5 Piece Kit (Second Generation) with Outdoor Siren
CCTV has been a common fixture in shops, pubs, car parks and other public places for years. Now, thanks to easier installation and falling prices, it’s becoming an increasingly popular choice for security-conscious homeowners.
You can either go for a full CCTV system that usually requires professional installation and infrastructure to run it. Or you can go for the typically cheaper option of a that is operated by an app on your smartphone.
If you do opt for CCTV, you can buy cameras on their own, or as part of a whole security package. Costs range from around £20 for one wired camera with a night-vision range of 5 metres, to around £450 for a vandal-proof camera.
You will need to buy some equipment to accompany the camera, depending on what type you choose, such as connectors and a digital video recorder (DVR) to store and view the footage. You can also buy dummy cameras for around £10.
CCTV is just one line of defense against crime, and works best when combined with other measures, such as a burglar alarm, door and window locks, gravel around your property, and security lights.
If you're ready to get home CCTV installed and setup, you can use our Which? Trusted Traders search tool to find reliable traders in your area. You don't have to be a Which? member to use Which? Trusted Traders.
These are the most common type of camera, and ones most easily recognised as traditional CCTV cameras.
They are usually fixed to a wall or outside area, and then a wire connects directly from the camera to the monitor.
The downside is that the wires, including extension cables and connectors, can be difficult to install.
With this type of system, cameras transmit images to your computer, tablet or mobile phone, using digital technology.
Many smart security cameras link to an app that you can use to monitor your home while you're out and about.
Although we call them 'wireless', this refers to way they transmit and receive data. They sometimes need to have a physical wire to connect them to the power.
Bear in mind that your camera is only as effective as your home broadband. So, your camera coverage may be interrupted if your internet connection is lost.
All tested models are checked to see if they can protect you and your data from hackers or anyone attempting to snoop on your home via the camera.
If you want a security cameras for the outside of your home, whether that is a CCTV or wireless model, make sure that it's weatherproof and has the recommended IP rating of 66.
Wireless cameras are available that run on battery power, but otherwise you will need to wire the camera to a power source, so bear that in mind before installation.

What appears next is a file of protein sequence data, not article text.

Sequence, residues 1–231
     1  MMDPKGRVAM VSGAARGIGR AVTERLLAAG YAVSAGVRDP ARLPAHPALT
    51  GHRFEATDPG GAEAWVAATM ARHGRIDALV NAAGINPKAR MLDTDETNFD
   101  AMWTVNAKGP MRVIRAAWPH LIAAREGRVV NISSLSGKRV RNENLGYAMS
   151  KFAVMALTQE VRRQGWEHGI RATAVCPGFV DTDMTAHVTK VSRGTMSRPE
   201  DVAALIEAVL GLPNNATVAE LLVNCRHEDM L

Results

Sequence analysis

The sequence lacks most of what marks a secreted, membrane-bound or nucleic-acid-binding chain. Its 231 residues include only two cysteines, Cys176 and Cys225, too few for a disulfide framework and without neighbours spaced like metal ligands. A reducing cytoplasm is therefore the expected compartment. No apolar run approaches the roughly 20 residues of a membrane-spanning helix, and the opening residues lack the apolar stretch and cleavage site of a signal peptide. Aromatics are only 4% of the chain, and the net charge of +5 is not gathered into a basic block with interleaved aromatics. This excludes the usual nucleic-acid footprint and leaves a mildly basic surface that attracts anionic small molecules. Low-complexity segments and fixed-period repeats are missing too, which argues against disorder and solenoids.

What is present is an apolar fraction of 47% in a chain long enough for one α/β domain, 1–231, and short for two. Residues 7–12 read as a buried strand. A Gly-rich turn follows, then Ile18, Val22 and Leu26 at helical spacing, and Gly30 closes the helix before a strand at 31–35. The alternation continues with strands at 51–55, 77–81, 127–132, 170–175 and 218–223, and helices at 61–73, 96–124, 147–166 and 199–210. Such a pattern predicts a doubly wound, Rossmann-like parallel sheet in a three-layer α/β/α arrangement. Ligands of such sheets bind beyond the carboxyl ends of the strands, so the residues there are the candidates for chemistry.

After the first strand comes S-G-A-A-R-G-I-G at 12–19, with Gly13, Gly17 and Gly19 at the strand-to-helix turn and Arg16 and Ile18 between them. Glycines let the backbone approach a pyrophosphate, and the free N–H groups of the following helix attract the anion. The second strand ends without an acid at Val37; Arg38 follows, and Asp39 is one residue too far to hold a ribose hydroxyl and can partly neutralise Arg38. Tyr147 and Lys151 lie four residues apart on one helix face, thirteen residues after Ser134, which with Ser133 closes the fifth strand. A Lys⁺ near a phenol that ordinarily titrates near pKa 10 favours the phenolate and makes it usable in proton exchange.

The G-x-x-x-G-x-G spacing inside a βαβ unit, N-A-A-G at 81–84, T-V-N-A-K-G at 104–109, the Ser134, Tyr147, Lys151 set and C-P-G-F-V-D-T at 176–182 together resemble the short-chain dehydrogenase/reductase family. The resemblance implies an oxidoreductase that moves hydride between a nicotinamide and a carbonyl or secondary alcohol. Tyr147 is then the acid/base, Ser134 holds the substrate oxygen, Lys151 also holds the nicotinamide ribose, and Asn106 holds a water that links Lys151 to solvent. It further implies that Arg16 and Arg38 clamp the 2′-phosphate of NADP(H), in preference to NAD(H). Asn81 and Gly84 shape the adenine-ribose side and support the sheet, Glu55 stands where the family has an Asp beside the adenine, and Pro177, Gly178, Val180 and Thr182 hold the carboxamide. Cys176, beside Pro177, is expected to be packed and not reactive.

Make sure you position your cameras where they can’t be tampered with, but are still accessible for maintenance and cleaning. You can buy vandal-proof cameras, but these tend to cost more.
Indoor CCTV cameras come in three types: wired, wireless, and powerline networked - these plug into your electrical sockets and transmit images to a storage device.
Typically, if you want an indoor security camera it's best to choose a wireless model. Browse our list of the for some recommendations. Some models cost under £50, so you can even buy multiple cameras and link them together.
CCTV camera resolution is measured in lines - the higher this is, the sharper the image will be.
Image quality is also linked to the size and type of chip the camera uses. Generally speaking, smaller CMOS chips are lower quality than larger CCD ones, such as 1/4" and 1/3".
Cameras with tiny chips also tend to be able to pick up less light, and therefore produce lower-quality images in low light. The light sensitively is measured in lux, which can range from 130,000 to 0.001 lux. The lower the lux, the better the camera will be at recording when there isn't a lot of light.
You'll need high-quality images - sufficiently clear for someone to be identified - if CCTV footage is to be used as evidence in court.
For the best detail, you need a high resolution - this tends to make the camera more expensive, and can take up a lot of storage space. Also make sure the date and time used to ‘tag’ images are set accurately.
If you’re thinking of getting a home CCTV system for the outside of your property, you must comply with privacy laws. This means making sure that your cameras aren’t pointed at public spaces, or other people’s houses or gardens.
It’s a good idea to discuss any CCTV plans with your neighbours first – some Which? members told us that they share a system with their neighbours, which might be one way to cut costs.